Augustinians of Villanova: Father Joseph Loya


Courtesy of Fr. Joe Loya, O.S.A., Ph.D.

Fr. Joe Loya returned to Villanova in 1992 and is an integral part of Villanova.

Olivia Sabalaskey, Staff Writer

“I have been privileged to be involved with the Villanova Community as it has grown from a quality regional university into a teaching and researching institution of national rank and repute,” Father Joseph Loya, O.S.A., Ph.D., said. “This community not only exemplifies but also magnifies the core values of Unitas, Veritas and Caritas.” 

This week, Fr. Joe offers Villanovans a glimpse into his life as an Augustinian at Villanova University in the Augustinians of Villanova Column. 

Despite roots in western Pennsylvania, Fr. Joe’s parents relocated to Cleveland, Ohio after his father secured a teaching position. The second of four children, Fr. Joe was baptized as an Eastern Byzantine Catholic, not as a Western Roman Catholic. As an Eastern Byzantine Catholic, Fr. Joe and his family profess the Bishop of Rome as the chief Shepherd of Christ’s Church while living an Eastern Orthodox Church life and spirituality. 

“Being non-Roman Catholic generates interesting and educational conversations with my brother Augustinians, colleagues and students,” Fr. Joe said. 

Fr. Joe’s religious vocation seems to run in the family, given that his brother, cousins and uncles were also called to the service of God. While his uncles were married Eastern Catholic priests, his cousins and brother served as clergymen. 

“It seems that the men in my family were primarily associated with service either in the ordained ministry or in the classroom,” Fr. Joe said. “I endeavored by the Grace of God to serve in both.”

After high school, Fr. Joe pursued his passion for physics at Cleveland State University’s College of Engineering. Having always felt called to community life, Fr. Joe then met with two different religious orders: the Franciscans in the Midwest and the Dominicans on the West Coast. He then returned to his Midwestern roots, hoping to learn more about the Augustinians.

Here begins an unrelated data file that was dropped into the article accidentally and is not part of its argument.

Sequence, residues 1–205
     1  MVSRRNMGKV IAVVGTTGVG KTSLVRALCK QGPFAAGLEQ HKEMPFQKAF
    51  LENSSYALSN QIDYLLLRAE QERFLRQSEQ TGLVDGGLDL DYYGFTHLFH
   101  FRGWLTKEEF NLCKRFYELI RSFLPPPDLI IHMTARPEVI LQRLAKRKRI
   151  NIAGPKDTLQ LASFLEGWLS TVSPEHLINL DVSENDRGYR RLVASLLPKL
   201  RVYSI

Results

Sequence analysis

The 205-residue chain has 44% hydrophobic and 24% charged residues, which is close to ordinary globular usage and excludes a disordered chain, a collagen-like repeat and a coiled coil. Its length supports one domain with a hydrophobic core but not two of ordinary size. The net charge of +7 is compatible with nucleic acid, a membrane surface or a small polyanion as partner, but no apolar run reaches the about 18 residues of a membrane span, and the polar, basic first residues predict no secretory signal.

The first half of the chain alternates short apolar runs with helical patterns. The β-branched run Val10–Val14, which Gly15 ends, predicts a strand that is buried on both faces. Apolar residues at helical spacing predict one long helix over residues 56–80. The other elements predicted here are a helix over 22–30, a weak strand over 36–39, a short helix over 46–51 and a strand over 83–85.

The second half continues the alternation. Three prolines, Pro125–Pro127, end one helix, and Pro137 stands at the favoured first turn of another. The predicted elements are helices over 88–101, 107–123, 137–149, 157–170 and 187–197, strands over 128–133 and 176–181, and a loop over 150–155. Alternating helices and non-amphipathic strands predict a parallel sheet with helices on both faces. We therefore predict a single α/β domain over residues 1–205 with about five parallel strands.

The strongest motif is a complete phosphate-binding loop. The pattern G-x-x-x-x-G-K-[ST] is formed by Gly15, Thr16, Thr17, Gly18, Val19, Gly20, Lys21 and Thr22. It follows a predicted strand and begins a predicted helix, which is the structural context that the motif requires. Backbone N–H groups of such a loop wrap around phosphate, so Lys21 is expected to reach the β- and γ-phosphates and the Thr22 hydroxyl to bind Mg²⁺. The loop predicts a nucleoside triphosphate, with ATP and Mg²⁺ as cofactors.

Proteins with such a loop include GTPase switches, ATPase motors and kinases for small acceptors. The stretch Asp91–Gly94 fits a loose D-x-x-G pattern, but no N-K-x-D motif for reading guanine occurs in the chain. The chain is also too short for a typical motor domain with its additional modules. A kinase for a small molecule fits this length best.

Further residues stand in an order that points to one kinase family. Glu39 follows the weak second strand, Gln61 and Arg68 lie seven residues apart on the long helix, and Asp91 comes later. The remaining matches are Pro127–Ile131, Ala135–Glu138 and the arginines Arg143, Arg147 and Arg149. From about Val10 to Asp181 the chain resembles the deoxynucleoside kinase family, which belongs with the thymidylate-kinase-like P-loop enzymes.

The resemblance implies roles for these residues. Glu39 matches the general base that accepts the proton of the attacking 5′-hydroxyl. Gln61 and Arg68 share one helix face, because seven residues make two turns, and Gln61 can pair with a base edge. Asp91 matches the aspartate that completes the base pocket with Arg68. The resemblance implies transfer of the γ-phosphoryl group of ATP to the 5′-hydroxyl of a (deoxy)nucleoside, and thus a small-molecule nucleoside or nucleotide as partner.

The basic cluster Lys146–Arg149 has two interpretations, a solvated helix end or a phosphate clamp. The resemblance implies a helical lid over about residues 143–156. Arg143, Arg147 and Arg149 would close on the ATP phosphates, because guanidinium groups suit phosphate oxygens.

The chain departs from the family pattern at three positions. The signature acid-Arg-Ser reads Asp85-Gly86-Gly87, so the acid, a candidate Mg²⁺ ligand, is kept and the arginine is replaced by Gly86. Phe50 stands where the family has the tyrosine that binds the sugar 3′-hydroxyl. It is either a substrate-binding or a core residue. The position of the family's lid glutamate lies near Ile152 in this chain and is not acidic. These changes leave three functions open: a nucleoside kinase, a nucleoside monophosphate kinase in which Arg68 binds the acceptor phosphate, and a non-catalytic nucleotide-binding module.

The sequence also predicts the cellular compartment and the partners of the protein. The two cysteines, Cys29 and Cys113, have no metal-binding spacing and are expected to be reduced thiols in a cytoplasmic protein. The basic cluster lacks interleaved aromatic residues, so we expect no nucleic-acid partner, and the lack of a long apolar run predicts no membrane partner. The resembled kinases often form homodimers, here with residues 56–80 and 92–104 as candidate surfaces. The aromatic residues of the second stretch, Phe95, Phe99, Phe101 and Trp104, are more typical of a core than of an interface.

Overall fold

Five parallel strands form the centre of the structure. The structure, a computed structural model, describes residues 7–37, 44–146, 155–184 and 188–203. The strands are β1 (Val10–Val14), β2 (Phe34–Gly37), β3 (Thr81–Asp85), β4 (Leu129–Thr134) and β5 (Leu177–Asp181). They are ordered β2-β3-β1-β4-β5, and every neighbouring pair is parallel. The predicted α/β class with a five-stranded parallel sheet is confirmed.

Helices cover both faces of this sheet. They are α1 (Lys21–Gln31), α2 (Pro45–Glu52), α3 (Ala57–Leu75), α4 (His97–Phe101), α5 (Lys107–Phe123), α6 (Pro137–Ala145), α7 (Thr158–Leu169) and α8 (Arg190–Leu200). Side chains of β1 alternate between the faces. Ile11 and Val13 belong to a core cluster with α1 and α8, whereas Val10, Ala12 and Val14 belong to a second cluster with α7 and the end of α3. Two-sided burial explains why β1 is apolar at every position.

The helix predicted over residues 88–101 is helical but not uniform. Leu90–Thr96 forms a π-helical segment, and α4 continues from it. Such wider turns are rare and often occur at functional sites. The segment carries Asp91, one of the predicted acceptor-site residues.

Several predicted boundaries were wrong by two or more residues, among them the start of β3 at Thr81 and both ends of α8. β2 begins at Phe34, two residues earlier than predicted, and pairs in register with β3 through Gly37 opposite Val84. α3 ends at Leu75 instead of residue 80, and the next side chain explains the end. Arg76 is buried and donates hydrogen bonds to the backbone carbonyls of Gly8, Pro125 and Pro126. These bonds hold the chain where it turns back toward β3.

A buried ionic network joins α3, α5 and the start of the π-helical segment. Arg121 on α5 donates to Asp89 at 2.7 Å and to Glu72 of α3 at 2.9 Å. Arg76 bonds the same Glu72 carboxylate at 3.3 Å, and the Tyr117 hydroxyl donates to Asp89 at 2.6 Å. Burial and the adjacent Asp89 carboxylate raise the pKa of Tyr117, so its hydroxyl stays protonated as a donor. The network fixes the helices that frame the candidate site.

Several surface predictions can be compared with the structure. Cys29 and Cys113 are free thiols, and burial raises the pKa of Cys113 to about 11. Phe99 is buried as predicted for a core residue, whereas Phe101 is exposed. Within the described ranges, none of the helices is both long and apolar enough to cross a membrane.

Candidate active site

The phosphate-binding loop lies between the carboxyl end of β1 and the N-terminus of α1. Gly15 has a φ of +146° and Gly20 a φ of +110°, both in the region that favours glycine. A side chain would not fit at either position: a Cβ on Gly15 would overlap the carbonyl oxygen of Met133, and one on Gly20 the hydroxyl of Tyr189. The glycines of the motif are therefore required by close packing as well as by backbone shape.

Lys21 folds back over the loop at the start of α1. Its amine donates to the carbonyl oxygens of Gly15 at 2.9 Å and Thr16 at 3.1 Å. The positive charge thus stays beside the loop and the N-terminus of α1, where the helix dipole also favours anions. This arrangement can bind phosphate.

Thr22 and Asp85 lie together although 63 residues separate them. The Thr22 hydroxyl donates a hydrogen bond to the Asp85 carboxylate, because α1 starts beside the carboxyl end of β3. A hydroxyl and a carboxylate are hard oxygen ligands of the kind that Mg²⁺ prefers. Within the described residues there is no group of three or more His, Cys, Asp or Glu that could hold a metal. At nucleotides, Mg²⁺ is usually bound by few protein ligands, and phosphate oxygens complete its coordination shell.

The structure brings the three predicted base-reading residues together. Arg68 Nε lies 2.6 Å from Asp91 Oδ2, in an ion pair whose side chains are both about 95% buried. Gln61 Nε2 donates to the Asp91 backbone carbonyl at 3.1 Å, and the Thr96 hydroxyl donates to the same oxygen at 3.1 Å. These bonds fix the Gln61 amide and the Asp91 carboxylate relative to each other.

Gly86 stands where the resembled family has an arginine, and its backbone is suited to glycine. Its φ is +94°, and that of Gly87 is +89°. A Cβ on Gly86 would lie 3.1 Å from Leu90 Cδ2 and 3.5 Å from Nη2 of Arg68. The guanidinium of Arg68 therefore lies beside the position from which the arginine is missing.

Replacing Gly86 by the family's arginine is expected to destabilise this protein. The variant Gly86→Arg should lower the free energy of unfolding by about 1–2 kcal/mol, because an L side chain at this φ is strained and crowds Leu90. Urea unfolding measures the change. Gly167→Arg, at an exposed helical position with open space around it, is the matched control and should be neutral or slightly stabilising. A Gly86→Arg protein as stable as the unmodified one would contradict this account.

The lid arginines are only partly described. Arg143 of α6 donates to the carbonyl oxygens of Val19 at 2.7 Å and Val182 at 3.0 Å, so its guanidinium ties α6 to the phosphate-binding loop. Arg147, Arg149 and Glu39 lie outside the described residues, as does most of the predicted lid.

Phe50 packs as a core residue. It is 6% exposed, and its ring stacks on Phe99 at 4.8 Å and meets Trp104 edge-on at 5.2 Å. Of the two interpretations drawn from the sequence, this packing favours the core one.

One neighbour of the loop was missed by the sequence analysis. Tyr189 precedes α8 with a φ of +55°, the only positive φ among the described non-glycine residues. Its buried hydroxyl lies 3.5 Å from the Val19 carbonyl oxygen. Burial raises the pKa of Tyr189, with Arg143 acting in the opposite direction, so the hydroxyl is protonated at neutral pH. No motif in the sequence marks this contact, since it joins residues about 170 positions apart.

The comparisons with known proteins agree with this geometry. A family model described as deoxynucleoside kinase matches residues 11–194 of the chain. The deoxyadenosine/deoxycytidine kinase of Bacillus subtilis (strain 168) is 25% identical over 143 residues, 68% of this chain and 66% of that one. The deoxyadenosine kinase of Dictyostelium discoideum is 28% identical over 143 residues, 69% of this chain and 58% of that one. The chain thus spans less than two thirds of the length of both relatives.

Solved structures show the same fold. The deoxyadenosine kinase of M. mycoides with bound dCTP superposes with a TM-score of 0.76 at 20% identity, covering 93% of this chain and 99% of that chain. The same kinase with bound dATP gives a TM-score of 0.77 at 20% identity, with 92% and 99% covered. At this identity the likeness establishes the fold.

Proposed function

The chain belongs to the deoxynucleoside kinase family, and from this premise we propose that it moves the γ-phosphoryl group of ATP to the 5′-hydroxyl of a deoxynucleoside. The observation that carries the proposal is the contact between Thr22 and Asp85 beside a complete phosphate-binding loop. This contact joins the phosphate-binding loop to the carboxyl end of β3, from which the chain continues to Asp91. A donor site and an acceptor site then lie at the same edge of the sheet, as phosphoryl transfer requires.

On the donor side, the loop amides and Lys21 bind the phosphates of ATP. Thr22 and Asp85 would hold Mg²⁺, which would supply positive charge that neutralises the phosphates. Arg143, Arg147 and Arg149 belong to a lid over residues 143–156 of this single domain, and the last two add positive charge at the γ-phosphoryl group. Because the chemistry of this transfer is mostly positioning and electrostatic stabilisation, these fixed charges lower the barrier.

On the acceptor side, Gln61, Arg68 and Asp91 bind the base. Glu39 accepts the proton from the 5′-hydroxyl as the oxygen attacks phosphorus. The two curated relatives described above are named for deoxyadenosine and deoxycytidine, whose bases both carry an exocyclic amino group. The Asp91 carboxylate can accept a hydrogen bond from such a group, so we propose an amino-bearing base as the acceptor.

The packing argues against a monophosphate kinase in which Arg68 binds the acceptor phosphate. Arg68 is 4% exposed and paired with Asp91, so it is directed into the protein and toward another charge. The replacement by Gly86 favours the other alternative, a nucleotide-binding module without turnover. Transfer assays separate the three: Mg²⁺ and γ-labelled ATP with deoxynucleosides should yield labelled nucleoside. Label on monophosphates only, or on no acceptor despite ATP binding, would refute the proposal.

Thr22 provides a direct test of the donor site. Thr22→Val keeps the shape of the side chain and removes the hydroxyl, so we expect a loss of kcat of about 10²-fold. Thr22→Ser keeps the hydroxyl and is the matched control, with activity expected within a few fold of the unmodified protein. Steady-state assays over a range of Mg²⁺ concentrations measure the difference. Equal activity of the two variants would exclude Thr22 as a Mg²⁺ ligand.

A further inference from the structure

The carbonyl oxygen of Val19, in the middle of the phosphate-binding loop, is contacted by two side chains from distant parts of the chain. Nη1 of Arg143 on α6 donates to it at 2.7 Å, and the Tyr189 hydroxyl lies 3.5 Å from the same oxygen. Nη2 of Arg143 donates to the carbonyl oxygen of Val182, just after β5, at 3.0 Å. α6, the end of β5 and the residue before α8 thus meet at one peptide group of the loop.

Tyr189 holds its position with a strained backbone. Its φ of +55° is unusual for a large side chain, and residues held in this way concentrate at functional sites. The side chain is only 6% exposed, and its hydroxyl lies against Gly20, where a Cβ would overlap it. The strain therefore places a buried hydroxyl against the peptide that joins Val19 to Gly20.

“I met the Augustinians in Chicago,” Fr. Joe said. “They struck me as a group of guys that evenly balanced seriousness in academic studies, soul-enriching contemplation and the capacity to just kick back and relax together.”

In 1972, Fr. Joe entered the pre-novitiate program at Villanova to study philosophy, and then the novitiate a year later to begin his preparation for the solemn profession and priesthood. To earn an M.A. in theology, Fr. Joe studied at an Augustinian college in Washington D.C., the Washington Theological Coalition. Given his interest in serving as a priest in the Eastern Rite, Fr. Joe was ordained at Holy Ghost Byzantine Catholic Parish in South Philadelphia in 1979. He then returned to Villanova, this time as a teacher.

Although he enjoyed meeting with students and fellow faculty members, Fr. Joe soon left Villanova to acquire a Ph.D. in the History of Christianity from Fordham University. After his studies, Fr. Joe returned to Villanova, eager to reconnect with the campus community. In 1992, he was granted tenure and, in 1996, Associate Professorship.

As an Associate Professor in Historical Theology, Fr. Joe teaches popular theology courses including THL 1000: Faith, Reason and Culture and THM 5005: Religion in Russia, the latter counting towards the Russian Area Studies Major, Minor, and Concentration housed within the Department of Global Interdisciplinary Studies. 

“I am also a faculty member of the RAS Program since its foundation in 1996, serving as its Director from the fall of 2015 through the spring semester of 2022,” Fr. Joe said. 

Although he remains a busy faculty member, Fr. Joe has also written numerous academic articles, books and encyclopedia entries. Off Villanova’s campus, he serves the nearby community as a weekend associate pastor and retreat director for the Byzantine Catholic Eparchy (Diocese) of Passaic. Also, given his studies in physics and engineering, Fr. Joe is passionate about motor racing. He continues to serve as chaplain for numerous racing series’ organizations at various tracks, both national and international.

To those interested in pursuing religious life, Fr. Joe offers some words of advice.

“The word vocation, of course, means calling,” Fr. Joe said. “Don’t bear in isolation the angst-fraught question, ‘Do I, or do I not, have a vocation to religious life?’ Should you have the slightest inkling towards the possibility, nurture that seed by involving yourself with a religious community, and have faith that the community, in the Holy Spirit, will discern the truth and quality of your initial intuition with you.”